Think you can spot an introvert in a crowd? Think again. Although the stereotypical introvert may be the one at the party who's hanging out alone by the food table fiddling with an iPhone, the "social butterfly" can just as easily have an introverted personality.
"Spotting the introvert can be harder than finding Waldo," Sophia Dembling, author of "The Introvert's Way: Living a Quiet Life in a Noisy World," tells The Huffington Post. "A lot of introverts can pass as extroverts."
People are frequently unaware that they’re introverts -– especially if they’re not shy -- because they may not realize that being an introvert is about more than just cultivating time alone. Instead, it can be more instructive to pay attention to whether they're losing or gaining energy from being around others, even if the company of friends gives them pleasure.
“Introversion is a basic temperament, so the social aspect -- which is what people focus on -- is really a small part of being an introvert," Dr. Marti Olsen Laney, psychotherapist and author of "The Introvert Advantage," said in a Mensa discussion. "It affects everything in your life.”
Despite the growing conversation around introversion, it remains a frequently misunderstood personality trait. As recently as 2010, the American Psychiatric Association even considered classifying "introverted personality" as a disorder by listing it in the Diagnostic and Statistical Manual (DSM-5), a manual used to diagnose mental illness.
But more and more introverts are speaking out about what it really means to be a "quiet" type. Not sure if you're an innie or an outie? See if any of these 23 telltale signs of introversion apply to you.
1. You find small talk incredibly cumbersome.
Introverts are notoriously small talk-phobic, as they find idle chatter to be a source of anxiety, or at least annoyance. For many quiet types, chitchat can feel disingenuous.
“Let's clear one thing up: Introverts do not hate small talk because we dislike people," Laurie Helgoe writes in "Introvert Power: Why Your Inner Life Is Your Hidden Strength." "We hate small talk because we hate the barrier it creates between people.”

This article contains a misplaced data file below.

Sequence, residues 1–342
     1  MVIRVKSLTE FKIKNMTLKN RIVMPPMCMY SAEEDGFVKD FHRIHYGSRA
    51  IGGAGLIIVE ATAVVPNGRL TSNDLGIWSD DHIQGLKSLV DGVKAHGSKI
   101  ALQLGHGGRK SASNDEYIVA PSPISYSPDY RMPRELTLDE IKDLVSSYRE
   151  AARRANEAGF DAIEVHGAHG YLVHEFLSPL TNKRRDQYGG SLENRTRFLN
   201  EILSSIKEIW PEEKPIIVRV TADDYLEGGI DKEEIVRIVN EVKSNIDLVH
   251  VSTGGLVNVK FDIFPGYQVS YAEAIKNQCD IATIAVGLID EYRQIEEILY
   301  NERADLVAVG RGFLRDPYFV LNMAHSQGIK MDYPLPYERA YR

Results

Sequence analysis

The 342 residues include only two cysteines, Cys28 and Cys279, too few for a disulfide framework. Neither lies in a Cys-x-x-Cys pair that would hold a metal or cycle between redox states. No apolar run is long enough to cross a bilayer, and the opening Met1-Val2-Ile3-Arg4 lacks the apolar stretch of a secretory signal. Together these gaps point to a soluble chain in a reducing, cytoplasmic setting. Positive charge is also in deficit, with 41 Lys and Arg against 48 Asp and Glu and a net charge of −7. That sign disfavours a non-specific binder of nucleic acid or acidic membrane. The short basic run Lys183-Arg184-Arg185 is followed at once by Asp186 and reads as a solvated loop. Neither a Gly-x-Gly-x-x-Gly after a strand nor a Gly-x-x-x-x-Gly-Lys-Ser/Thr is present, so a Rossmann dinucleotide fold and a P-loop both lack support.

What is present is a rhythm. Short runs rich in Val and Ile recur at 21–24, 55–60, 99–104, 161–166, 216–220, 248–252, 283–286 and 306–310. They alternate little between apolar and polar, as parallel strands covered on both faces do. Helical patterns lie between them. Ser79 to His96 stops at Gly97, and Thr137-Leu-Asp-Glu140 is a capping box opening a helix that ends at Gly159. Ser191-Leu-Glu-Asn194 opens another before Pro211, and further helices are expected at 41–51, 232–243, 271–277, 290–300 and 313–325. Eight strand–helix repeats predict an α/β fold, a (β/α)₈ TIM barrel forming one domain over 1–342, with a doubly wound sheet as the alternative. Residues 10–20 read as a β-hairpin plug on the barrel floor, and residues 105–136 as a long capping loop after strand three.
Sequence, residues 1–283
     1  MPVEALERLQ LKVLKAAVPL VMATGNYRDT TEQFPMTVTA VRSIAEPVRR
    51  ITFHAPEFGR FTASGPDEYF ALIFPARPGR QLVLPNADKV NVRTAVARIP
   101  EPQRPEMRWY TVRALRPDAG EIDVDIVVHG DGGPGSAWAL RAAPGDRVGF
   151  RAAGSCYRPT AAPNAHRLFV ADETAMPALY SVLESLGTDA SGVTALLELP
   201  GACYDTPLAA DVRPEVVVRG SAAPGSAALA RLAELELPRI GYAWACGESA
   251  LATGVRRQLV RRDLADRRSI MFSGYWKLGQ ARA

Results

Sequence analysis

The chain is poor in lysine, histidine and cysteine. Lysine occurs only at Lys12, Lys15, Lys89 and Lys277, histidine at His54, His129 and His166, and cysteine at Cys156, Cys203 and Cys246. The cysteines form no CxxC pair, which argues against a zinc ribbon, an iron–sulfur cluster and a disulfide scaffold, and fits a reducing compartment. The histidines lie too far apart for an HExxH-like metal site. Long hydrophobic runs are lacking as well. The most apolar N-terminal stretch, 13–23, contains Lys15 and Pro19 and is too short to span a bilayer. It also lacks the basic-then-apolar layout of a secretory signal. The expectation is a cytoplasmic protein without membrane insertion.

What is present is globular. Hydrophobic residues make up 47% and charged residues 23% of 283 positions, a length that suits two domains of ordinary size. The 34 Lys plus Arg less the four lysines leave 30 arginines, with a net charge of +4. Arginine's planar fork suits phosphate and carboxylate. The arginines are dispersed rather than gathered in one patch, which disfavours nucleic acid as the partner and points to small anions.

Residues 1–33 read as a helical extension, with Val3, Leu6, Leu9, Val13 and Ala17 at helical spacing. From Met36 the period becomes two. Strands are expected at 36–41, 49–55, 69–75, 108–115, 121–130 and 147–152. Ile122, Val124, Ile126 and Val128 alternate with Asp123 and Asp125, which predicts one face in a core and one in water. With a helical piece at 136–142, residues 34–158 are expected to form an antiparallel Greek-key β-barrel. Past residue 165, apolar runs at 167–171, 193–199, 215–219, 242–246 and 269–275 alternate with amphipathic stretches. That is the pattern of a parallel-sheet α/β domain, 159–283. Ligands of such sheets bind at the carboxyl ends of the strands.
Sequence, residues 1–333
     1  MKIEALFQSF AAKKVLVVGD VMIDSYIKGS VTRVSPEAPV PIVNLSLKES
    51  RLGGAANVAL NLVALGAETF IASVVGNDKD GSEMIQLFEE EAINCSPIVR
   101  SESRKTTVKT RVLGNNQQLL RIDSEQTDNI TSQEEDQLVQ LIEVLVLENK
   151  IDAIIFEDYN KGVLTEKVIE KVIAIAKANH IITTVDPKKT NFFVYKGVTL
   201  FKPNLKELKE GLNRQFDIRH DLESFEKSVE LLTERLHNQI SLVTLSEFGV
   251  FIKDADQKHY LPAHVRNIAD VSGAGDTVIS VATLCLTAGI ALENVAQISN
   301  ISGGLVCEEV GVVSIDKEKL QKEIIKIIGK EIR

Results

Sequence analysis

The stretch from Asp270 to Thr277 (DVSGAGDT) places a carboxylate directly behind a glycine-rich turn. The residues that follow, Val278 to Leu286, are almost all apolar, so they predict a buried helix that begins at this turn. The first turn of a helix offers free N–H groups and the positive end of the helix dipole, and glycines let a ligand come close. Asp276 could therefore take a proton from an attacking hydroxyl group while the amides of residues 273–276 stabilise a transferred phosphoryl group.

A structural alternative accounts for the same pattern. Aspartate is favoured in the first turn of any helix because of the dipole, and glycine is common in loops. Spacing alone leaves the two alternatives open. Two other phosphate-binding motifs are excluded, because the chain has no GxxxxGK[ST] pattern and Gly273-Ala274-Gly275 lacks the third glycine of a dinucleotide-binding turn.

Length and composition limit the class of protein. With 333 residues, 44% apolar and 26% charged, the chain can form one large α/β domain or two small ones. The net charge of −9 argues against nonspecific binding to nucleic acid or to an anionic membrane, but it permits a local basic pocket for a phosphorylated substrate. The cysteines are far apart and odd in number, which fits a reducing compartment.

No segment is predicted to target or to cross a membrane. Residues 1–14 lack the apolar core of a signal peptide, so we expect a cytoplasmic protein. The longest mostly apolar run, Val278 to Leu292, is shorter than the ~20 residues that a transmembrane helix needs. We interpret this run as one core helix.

2. You go to parties -– but not to meet people.
If you're an introvert, you may sometimes enjoy going to parties, but chances are, you're not going because you're excited to meet new people. At a party, most introverts would rather spend time with people they already know and feel comfortable around. If you happen to meet a new person that you connect with, great -- but meeting people is rarely the goal.
3. You often feel alone in a crowd.
Ever feel like an outsider in the middle of social gatherings and group activities, even with people you know?
"If you tend to find yourself feeling alone in a crowd, you might be an introvert," says Dembling. "We might let friends or activities pick us, rather than extending our own invitations."
4. Networking makes you feel like a phony.
Networking (read: small-talk with the end goal of advancing your career) can feel particularly disingenuous for introverts, who crave authenticity in their interactions.
"Networking is stressful if we do it in the ways that are stressful to us," Dembling says, advising introverts to network in small, intimate groups rather than at large mixers.
5. You've been called "too intense."
Do you have a penchant for philosophical conversations and a love of thought-provoking books and movies? If so, you're a textbook introvert.
"Introverts like to jump into the deep end," says Dembling.
6. You're easily distracted
While extroverts tend to get bored easily when they don't have enough to do, introverts have the opposite problem -- they get easily distracted and overwhelmed in environments with an excess of stimulation.
"Extroverts are commonly found to be more easily bored than introverts on monotonous tasks, probably because they require and thrive on high levels of stimulation," Clark University researchers wrote in a paper published in the Journal of Personality and Social Psychology. "In contrast, introverts are more easily distracted than extroverts and, hence, prefer relatively unstimulating environments."
7. Downtime doesn’t feel unproductive to you.
One of the most fundamental characteristics of introverts is that they need time alone to recharge their batteries. Whereas an extrovert might get bored or antsy spending a day at home alone with tea and a stack of magazines, this sort of down time feels necessary and satisfying to an introvert.
8. Giving a talk in front of 500 people is less stressful than having to mingle with those people afterwards.
Introverts can be excellent leaders and public speakers -- and although they're stereotyped as being the shrinking violet, they don't necessarily shy away from the spotlight. Performers like Lady Gaga, Christina Aguilera and Emma Watson all identify as introverts, and an estimated 40 percent of CEOs have introverted personalities. Instead, an introvert might struggle more with meeting and greeting large groups of people on an individual basis.